JION overview

JION ( JavaSpaces Implemetation for Opportunistic Networks ) is a JavaSpaces implementation that I have developed during the second year of my Ph.D. In fact, JavaSpaces technology was primarily designed to provide persistent object exchange areas (spaces) act as servers through which processes coordinate actions and exchange data; and this has remained its typical usage scenario. A server-based model is hardly compatible with the characteristics of D-MANETs as no host can act as a reliable server for all other hosts. A server-less JavaSpaces implementation must then be developed in order to provide JavaSpaces services in D-MANETs.
JION is a middleware that acts a critical level between D-MANETs and application levels. So all of services offered by D-MANETs will be moved from multiple instances into a centralized offering. This central provision of services makes the developers independent from D-MANETs challenges. Consequently, they could be able to develop their applications in less time and in a somehow standard way.

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JavaSpaces, coordination middleware, peer-to-peer computing, D-MANETs, opportunistic networking

Quick Links


Before you start using JOMS, you will need to download and install DoDWAN platform.


JION new features
JION v2.1.1 new features

JION v2.0.1 new features

JION v1.0.2 features


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Do you know?

What most application developers realize is that nearly all of middlewares developed for D-MANETs have only been described in purely academic papers as ABSTRACT algorithms, and tested using pseudo-code in SIMULATORS. Actually, These middleware has no real bearing or impact on the REAL WORLD.

One of my PhD's goals is to provide App developers with REAL middlewares which will help them to develop REAL applications that work perfectly over D-MANETs. Go for broke and see how easy it is to develop a real application in D-MANET using JION, hers is:
JION v2.1.1: binary files with depedencies, binary files without depedencies.
JION v2.0.1: binary files.
JION v1.0.2: Source files, binary files.


Getting started

Once you have downloaded and installed JION, you can start testing it using the console provided in the source code. Please notice that the console is located under JION/console directory.
If you are not familiar with JavaSpaces, then the JavaSpaces Service Specification from Apache River News is a useful guide. But, if you feel like you do not have time to read every thing in that specification and JavaSpaces sounded so much familiar to you, then I suggest you something else. Sit back, relax and give the following example some thought.


JION tutorial
Step 1: Import the required Packages
Step 2: Launch the Space service on the local host
JavaSpace space=JavaSpaceSingleton.getInstance();
Step 3: Writing an Entry on the space
// Instantiating your own entry
Entry entry= ...;
// Write the entry into the space
space.write(entry, null, Lease.FOREVER);
Step 4: Reading or Taking an entry from the space using a Template
// Create your own template
Entry template=...;
// Read a matching entry from the space, null, Long.MAX_VALUE);
// or Take a matching entry from the space
space.take(template, null, Long.MAX_VALUE);
Step 5: Notifying a client with a Event that has occurred
// Create your own template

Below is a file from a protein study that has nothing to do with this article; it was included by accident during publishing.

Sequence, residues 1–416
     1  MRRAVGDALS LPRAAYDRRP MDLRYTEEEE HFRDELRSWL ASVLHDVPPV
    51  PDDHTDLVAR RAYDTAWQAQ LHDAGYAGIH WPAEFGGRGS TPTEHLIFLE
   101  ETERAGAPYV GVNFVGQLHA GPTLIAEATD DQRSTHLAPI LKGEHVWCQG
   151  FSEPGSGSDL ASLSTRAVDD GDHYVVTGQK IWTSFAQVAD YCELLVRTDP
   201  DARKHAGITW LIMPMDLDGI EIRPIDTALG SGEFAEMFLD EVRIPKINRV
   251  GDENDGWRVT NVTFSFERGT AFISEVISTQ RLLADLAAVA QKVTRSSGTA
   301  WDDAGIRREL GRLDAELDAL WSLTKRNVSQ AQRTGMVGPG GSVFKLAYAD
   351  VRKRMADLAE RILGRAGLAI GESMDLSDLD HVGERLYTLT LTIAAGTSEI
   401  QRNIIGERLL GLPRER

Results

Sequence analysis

Entry template=...;
// Register a notify request
space.notify(template, null, listener, Lease.FOREVER, null);


The Console

Have you found yourself daydreaming during reading theoretically nonsensical researches in D-MANETs?
Have you read a lot of such topics and still had problems to really grok that it is possible to see something real in D-MANETs?
So you need to have some image or reality back in your mind... Okay here we go. I have tested the previous tutorial in real conditions using a console provided with JION. The console’s source code is available at JION/console directory.

Attention: The console is only availabe for JION v1.


You can check the scenario in the following interactive figure: there are four devices which are pre-configured with JIONv1. Firstly, click on JION (The earth) to see how to use the Console. Then, you can click on each device to see the commands executed on that host using the console.

Step 1: Launch the console
java -cp JIONv1.jar casa.JION.console.TCPConsole
Step 2: Access to the console
// The port number could be changed using the configuration file
telnet localhost 8800

Congratulation! you can now use it. The following examples demonstrate how to use some of the console commands:

To see the full list of console's commands on any device, type:
js h
To write an entry with two fields "board=sports, topic=football" and TTL=999999 ms, type:
js write -e board=sports,topic=football -d 999999
To find all entries stored in the local space, type:
js list
To read an entry from the board=sports under the topic=sport and wait 999999ms for this operation until you have the answer, type:
js read -tmpl board=sports,topic=football -t 999999
To take the previous entry, type:
js take -tmpl board=sports,topic=football -t 999999
To register a notify request for all the changes in the board=sports for 999999ms, type:
js notify -tmpl board=sports -t 999999


Environment variables

If you do not have any background information on the environment variables in Java, I can suggest this link as a good place to start learning about them. Here you can found the list of the environment variables supported by JION:


API specification

Building an effective JION application requires you to read JION APIs. The documentations and API specification for JION are included in the source code, and can also be accessed online here.